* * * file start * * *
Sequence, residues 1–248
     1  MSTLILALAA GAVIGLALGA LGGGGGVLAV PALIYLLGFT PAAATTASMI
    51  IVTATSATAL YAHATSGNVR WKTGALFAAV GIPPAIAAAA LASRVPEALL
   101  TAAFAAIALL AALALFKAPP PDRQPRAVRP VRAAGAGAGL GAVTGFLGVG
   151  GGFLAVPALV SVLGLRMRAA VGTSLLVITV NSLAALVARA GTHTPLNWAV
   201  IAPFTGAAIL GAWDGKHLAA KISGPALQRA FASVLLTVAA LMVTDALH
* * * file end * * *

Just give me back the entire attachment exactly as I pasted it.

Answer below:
Sequence, residues 1–248
     1  MSTLILALAA GAVIGLALGA LGGGGGVLAV PALIYLLGFT PAAATTASMI
    51  IVTATSATAL YAHATSGNVR WKTGALFAAV GIPPAIAAAA LASRVPEALL
   101  TAAFAAIALL AALALFKAPP PDRQPRAVRP VRAAGAGAGL GAVTGFLGVG
   151  GGFLAVPALV SVLGLRMRAA VGTSLLVITV NSLAALVARA GTHTPLNWAV
   201  IAPFTGAAIL GAWDGKHLAA KISGPALQRA FASVLLTVAA LMVTDALH